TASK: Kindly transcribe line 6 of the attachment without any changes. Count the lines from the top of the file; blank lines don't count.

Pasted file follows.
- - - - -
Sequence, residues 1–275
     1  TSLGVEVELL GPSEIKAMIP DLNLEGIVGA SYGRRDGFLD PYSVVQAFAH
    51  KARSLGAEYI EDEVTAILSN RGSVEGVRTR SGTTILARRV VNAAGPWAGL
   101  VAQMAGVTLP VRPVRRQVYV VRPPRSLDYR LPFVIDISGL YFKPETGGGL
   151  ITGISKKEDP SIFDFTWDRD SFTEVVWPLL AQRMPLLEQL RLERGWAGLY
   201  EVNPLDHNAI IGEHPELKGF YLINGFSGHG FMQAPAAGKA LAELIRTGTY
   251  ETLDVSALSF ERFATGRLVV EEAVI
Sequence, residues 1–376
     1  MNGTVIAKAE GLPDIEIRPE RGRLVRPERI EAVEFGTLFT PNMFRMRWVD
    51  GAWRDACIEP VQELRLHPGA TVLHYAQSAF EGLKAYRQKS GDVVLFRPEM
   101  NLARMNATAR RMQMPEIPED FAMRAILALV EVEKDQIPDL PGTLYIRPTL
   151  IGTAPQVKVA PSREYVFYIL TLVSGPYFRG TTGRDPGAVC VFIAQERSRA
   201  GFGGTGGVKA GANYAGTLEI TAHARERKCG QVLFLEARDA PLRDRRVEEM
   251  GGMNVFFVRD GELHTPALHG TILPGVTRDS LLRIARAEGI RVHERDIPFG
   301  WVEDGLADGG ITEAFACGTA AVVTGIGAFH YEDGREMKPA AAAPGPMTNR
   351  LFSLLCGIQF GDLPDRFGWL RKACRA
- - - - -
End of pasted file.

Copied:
   201  EVNPLDHNAI IGEHPELKGF YLINGFSGHG FMQAPAAGKA LAELIRTGTY